Film is an important source of social history, as well as having been a popular art form from the early twentieth century. This study shows how a society, consciously or unconsciously, is mirrored in its cinema. It considers the role of the cinema in dramatizing popular beliefs and myths, and takes three case studies – American populism, British imperialism, German Nazism – to explain how a nation’s pressures, tensions and hopes come through in its films. Examining the American cinema is accomplished by analysing the careers of three great directors, John Ford, Frank Capra and Leo McCarey, while the British and German cinemas are studied by theme. The analysis of the British Empire as seen in film broke exciting new ground with a pioneering account of ‘the cinema of Empire’ when it was first published in 1973.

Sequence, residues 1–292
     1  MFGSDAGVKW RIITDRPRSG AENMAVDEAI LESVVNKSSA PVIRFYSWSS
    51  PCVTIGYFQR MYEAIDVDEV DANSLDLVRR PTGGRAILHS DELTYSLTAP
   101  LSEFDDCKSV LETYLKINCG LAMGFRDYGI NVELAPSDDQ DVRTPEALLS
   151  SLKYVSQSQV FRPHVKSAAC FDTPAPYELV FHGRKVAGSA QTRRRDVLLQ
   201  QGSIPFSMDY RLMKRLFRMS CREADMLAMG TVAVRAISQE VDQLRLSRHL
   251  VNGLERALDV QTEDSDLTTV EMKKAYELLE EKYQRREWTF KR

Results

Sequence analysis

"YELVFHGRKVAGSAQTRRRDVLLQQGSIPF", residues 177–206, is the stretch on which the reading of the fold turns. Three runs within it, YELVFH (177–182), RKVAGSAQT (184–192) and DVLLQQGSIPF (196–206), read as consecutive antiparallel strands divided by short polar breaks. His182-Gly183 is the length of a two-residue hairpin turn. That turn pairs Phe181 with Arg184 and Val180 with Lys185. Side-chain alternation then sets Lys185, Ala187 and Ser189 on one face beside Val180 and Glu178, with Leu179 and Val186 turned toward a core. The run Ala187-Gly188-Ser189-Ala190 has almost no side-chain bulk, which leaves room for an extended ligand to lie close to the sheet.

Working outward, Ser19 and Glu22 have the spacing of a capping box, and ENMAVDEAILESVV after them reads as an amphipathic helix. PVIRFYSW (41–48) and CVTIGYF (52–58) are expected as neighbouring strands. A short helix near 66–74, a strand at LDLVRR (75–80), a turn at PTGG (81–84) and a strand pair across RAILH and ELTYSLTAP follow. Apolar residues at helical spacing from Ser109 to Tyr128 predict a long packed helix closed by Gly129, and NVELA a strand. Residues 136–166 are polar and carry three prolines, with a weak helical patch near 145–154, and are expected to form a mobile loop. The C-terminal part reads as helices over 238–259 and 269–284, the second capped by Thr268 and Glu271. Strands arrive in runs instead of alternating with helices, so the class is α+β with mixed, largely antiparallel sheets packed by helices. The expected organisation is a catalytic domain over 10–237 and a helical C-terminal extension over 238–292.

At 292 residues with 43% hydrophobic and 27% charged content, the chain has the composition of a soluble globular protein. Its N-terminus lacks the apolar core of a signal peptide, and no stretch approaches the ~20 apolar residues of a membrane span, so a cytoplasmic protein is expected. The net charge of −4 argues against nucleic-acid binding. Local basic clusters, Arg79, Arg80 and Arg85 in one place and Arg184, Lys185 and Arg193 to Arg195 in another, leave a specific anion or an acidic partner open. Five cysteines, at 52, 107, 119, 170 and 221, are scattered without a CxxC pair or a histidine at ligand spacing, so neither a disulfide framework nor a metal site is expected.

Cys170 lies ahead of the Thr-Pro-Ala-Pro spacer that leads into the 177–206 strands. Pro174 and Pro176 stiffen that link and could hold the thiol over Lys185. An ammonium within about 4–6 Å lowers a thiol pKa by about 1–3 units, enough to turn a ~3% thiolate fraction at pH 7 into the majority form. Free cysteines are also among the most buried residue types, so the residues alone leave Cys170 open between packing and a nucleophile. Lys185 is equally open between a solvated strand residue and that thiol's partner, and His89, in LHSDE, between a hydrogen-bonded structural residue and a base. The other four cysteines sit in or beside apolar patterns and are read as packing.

With full filmographies and a carefully selected bibliography it is an outstanding work of reference and its lively approach makes it a delight to read.
Reviews of the original edition:
‘A work of considerable force and considerable wit.’ – Clive James, Observer
‘…a work that is original, mentally stimulating and most pleasurable to read.’ – Focus on Film